The cause of Friday morning's cave-in was not known, but neighborhood residents complained of builders using substandard materials - with some expressing fear that their own buildings might also fall down.
Between 83 and 89 people were in the five-story building when it collapsed, according to residents. Rescuers have pulled 33 people out of the rubble alive since the cave-in, but the searchers have not detected any signs of life recently, Alok Awasthi, local commander of the National Disaster Response Force, said Saturday. Still, he vowed that rescuers would continue to search for the missing people.
It was the third deadly building collapse in six months in Mumbai, which like much of India has lax building inspections and corruption that can form a deadly combination.
Rudiben Parmar sat with several weeping relatives near the rubble on Saturday, waiting for news of the last of five family members who were in the building. Three - a nephew and two of his children - had already been found dead. The nephew's wife was rescued, but the couple's young daughter was still unaccounted for Saturday morning.
Parmer said she didn't know who was to blame for the disaster, but didn't care about anything but learning of all her relatives' fate.
"We will be OK once all members of our family are recovered," she said.
The building, located in southeast Mumbai, caved in early Friday morning, trapping dozens of people and launching an intense search mission.
Emergency workers labored for six hours Saturday to free a 50-year-old man who was trapped for more than 30 hours beneath the wreckage with his leg crushed by part of a wall. Rescuers reached him and lifted up the slab of cement using a specialized compressed air-pressure bag, and the man was rushed to a hospital in the afternoon.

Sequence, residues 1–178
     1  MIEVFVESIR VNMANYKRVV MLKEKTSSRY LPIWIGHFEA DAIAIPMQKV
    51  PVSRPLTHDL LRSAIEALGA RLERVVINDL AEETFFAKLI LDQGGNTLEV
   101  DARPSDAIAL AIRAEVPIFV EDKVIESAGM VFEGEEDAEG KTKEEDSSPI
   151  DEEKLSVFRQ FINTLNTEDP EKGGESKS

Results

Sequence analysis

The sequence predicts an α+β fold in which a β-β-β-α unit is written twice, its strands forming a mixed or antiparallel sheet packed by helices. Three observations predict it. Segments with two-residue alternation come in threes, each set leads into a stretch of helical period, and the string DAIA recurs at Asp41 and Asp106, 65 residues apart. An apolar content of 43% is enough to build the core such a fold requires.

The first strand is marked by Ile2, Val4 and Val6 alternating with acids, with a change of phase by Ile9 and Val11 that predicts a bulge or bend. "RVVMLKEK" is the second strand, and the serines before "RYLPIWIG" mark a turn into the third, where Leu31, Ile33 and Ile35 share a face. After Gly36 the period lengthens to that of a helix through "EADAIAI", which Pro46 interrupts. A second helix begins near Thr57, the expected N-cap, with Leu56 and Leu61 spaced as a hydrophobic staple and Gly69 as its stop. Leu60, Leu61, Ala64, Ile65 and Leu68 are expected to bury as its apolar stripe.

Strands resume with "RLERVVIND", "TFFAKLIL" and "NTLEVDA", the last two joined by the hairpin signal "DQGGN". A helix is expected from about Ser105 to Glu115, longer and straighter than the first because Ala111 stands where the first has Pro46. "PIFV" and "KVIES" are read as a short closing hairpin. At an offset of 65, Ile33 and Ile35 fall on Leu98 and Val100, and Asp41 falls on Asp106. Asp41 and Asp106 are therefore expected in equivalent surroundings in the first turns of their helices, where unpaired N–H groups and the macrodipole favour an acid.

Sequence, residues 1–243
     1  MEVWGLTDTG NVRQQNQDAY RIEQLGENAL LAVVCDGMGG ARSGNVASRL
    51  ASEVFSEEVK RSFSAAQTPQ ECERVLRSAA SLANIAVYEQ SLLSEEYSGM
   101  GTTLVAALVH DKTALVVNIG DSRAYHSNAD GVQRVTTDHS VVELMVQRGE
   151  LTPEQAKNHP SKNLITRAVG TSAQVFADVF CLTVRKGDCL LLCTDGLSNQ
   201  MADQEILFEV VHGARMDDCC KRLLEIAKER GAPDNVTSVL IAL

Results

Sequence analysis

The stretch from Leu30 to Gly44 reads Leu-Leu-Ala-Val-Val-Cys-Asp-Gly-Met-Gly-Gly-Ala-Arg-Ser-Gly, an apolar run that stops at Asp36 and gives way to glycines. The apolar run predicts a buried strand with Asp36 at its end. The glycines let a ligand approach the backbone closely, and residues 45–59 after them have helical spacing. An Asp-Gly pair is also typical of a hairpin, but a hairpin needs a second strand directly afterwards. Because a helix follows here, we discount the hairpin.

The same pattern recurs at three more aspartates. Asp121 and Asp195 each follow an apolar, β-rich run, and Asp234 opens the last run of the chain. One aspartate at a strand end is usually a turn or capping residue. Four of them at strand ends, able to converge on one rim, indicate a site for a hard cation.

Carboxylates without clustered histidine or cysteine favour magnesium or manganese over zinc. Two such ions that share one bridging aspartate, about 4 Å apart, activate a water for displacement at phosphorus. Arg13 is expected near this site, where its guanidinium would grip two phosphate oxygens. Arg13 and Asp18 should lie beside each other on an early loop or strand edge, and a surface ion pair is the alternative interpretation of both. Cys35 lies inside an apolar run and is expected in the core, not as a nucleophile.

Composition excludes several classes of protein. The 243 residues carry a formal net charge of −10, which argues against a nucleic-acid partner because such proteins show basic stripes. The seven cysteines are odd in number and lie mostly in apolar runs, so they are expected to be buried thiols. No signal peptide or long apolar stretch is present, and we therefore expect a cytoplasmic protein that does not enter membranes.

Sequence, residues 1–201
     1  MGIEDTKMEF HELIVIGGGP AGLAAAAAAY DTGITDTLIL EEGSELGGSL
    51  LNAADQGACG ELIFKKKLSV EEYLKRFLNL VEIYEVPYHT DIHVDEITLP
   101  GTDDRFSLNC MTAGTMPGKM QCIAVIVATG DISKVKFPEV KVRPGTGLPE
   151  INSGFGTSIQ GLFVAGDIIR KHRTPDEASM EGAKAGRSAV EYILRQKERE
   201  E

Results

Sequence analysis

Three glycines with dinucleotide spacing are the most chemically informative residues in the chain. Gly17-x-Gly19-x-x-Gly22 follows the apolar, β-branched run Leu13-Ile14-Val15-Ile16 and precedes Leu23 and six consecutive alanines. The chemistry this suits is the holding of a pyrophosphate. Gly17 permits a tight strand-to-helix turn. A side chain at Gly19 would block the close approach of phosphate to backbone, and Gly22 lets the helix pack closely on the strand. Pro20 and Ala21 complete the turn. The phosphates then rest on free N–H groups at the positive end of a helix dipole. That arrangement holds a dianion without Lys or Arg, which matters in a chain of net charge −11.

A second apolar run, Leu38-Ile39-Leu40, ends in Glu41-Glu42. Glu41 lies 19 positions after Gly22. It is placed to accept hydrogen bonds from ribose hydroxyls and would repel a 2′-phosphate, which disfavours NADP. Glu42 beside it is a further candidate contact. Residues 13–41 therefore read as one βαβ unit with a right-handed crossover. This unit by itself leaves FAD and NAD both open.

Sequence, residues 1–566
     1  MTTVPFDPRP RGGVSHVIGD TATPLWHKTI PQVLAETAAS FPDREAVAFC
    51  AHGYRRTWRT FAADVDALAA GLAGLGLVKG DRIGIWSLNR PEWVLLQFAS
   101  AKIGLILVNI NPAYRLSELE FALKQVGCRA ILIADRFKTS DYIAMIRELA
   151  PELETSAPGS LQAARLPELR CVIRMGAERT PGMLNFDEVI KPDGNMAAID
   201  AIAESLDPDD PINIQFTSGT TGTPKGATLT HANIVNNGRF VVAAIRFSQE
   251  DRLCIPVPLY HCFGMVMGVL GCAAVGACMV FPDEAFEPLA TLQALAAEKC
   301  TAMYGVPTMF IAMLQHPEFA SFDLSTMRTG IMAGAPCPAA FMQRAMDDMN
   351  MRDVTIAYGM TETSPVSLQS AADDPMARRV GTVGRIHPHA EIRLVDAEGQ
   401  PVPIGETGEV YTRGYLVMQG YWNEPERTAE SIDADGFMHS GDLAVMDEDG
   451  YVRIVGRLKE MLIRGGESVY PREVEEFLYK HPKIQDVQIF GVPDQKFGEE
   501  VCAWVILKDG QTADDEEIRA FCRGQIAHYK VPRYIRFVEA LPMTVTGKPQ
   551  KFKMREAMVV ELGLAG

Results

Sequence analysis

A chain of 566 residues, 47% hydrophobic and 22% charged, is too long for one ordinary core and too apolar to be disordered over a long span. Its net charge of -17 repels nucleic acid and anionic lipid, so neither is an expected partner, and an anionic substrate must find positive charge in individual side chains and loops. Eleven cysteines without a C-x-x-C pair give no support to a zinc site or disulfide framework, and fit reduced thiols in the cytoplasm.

"We were able to save him, but he may lose his leg," Awasthi said.
The death toll had climbed to 42 by Saturday evening, he said.
"We are not finding any more signs of life right now, but we will continue to search until all are accounted for," Awasthi said.
The building, which housed workers for Mumbai's municipal government, was constructed in 1980, Awasthi said, adding that what caused it to fall down would be determined by an investigation.
But local residents complained of substandard materials and corruption as the root causes of such disasters.
"There should not be corruption in the building process. They should use best of the materials - then only the buildings will last," said Sanjay Mayekar, who lives in another apartment building next to the one that fell.
Some neighbors said they even feared about the safety of their own buildings.
"We can't know that tomorrow it won't be our turn," said Anupama Shivalkar, who lives in another nearby apartment block.
Two other buildings have fallen down in Mumbai this year.
At least 72 people died in April when an illegally constructed building fell down, and in June, at least 10 people, including five children, died when a three-story structure collapsed in the city.
Across India, buildings falling down have become relatively common. Massive demand for housing around India's fast-growing cities combined with pervasive corruption often result in contractors cutting corners by using substandard materials or adding unauthorized floors.